You have a lot of paintings who portrait dolls and a lot of paintings who portrait people, what are the differences and what the similarities between them as paintings and as symbolism?
They’re actually quite different in how I approach them. With real people I feel free to stylize them, to make them more perfect, to twist them in a way that makes you see them afresh. I did cover portraits for Time magazine and with that you learn how to show just enough in a portrait, but not too much, of that person. With dolls, because I love them, I’m trying to honor the original beauty of how they look. That’s what attracted me to them in the first place. I stylize the original faces very little, because their original stylizations are so interesting to me and so beautiful. There’s nothing easier than making creepy images with dolls. You see it all the time, and it can be wonderfully effective. But that’s not what I’m trying to do. I love dolls and am trying to give them a visual, obscure story life through my paintings, somehow give these obsolete objects a voice in the 21st Century, try to build a personal vocabulary with them. What I do is place these dolls in contexts that are riddled with questions. You are asked to fill in the blanks.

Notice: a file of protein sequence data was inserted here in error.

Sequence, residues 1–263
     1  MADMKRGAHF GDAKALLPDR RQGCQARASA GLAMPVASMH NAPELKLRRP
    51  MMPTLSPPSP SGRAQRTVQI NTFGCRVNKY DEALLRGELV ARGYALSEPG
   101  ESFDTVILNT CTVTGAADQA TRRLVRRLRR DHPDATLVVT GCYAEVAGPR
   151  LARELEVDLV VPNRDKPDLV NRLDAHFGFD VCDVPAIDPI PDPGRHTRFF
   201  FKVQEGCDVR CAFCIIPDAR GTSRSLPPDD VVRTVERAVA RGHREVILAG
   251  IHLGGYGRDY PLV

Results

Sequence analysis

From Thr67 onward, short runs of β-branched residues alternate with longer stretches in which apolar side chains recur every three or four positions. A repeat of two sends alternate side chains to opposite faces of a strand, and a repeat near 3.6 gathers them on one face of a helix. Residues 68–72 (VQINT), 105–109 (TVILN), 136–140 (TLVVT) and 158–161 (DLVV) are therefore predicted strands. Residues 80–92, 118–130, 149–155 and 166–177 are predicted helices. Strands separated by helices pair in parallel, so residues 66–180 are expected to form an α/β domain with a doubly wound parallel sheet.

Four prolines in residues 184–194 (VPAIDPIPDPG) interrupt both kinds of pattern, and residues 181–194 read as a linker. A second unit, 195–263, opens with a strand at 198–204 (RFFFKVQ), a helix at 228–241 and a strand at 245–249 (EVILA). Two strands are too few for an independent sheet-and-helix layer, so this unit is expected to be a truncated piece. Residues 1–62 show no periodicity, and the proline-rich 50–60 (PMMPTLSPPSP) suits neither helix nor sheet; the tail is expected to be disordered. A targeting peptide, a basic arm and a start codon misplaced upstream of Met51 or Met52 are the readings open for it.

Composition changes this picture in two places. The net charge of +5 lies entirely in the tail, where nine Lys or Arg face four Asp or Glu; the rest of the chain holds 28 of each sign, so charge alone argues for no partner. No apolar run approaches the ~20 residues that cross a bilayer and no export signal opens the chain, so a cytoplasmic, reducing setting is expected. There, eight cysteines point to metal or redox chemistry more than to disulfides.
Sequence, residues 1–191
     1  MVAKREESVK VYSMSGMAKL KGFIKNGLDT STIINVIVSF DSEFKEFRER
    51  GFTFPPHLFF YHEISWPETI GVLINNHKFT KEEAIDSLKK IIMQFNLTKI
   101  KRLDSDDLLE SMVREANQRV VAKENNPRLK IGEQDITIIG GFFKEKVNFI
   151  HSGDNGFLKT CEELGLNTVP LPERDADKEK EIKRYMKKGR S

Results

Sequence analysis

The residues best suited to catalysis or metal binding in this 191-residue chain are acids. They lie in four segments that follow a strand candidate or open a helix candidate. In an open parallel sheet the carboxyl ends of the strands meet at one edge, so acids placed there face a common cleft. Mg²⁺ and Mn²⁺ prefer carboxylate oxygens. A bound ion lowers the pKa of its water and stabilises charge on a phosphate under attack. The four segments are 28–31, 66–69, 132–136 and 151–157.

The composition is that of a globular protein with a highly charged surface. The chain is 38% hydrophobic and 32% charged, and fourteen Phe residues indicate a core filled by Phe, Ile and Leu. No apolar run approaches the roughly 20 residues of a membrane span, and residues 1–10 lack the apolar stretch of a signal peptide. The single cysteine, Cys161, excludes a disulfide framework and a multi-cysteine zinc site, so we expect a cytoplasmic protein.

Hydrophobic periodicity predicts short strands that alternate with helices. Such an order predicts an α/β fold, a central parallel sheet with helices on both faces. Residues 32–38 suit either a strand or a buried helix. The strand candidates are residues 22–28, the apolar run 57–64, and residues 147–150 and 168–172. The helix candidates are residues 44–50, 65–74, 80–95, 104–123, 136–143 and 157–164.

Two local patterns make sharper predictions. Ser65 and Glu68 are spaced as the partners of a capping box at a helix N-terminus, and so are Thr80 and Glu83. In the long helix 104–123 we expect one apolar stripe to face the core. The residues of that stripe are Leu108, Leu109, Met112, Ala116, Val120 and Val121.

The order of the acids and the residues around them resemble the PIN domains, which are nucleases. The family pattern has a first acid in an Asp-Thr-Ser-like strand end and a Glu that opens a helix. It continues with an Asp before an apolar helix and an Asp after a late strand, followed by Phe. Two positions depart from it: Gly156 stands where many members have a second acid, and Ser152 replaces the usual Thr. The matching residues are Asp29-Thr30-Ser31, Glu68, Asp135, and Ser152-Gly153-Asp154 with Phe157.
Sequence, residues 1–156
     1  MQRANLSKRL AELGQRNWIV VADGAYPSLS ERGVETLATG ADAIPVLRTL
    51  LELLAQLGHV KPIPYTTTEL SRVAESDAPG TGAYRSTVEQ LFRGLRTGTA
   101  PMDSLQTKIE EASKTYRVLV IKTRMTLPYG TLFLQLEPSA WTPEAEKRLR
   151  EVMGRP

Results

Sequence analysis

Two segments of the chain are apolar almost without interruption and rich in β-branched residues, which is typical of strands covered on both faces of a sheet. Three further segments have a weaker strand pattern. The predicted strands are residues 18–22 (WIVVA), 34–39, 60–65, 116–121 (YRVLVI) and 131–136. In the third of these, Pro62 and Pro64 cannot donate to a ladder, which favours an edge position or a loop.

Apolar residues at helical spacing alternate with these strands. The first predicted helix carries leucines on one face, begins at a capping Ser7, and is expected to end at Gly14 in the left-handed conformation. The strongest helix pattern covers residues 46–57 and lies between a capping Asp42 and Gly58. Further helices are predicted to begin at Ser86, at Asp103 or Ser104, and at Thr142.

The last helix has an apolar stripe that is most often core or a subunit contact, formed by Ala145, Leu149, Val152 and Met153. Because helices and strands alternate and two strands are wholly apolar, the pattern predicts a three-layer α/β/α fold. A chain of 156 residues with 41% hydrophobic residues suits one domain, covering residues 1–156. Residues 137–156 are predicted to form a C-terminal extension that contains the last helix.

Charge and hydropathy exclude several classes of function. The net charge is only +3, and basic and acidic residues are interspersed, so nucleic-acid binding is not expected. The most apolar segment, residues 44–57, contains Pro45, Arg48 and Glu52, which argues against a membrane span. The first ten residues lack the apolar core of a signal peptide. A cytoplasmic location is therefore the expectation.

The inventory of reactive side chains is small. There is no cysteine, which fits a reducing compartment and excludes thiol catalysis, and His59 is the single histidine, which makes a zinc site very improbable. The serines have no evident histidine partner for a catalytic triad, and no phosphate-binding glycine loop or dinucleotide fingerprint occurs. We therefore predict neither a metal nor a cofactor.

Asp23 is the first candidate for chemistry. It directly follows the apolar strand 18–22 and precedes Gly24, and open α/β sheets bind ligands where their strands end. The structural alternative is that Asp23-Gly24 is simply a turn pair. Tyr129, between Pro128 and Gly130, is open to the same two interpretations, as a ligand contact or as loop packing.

Each painting seems to have a whole story behind it, which one is your personal favourite?
I really don’t have a personal favorite other than the one I’m working on at any given time. I have to commit to a painting in a way that is like falling in love, compulsive and personal. But the story thing is very important to me. I think of these paintings as illustrations for obscure fairy tails, maybe ones that were too dark to endure. Many of these images have personal references and my idea of the perfect story is the one you create in your head from seeing them.
How do you think society and art are changing over the years for an artist? Do you think things are getting better or wore?
I think there are things that are very daunting in the art world right now. I suspect it’s always been variations of that though, always tricky. You’re doing something no one asked you to do, or advised you to do, in fact frequently discouraged you from doing. But you need to do it, to feel whole. So you’re bound to try and figure it out, in your own way. If you’re following someone else’s example, you’re already doing it wrong. It has to be your way, and no one else’s
What are you working on right now?
I’m doing a series of round paintings based on cameos. I’ve always loved cameos and am trying to develop a way to do modern portraiture based on that history of the enclosed, carved image. I’m just starting really but loving the challenge. I’ve done portraits of people as cameos before but am starting to be a bit more serious about exploring the format. Or maybe not so serious, I just did a cameo portrait of Bluto, Popeye’s cartoon nemesis. It’s a sexy painting, a little threatening, but clearly affectionate, like love sometimes is.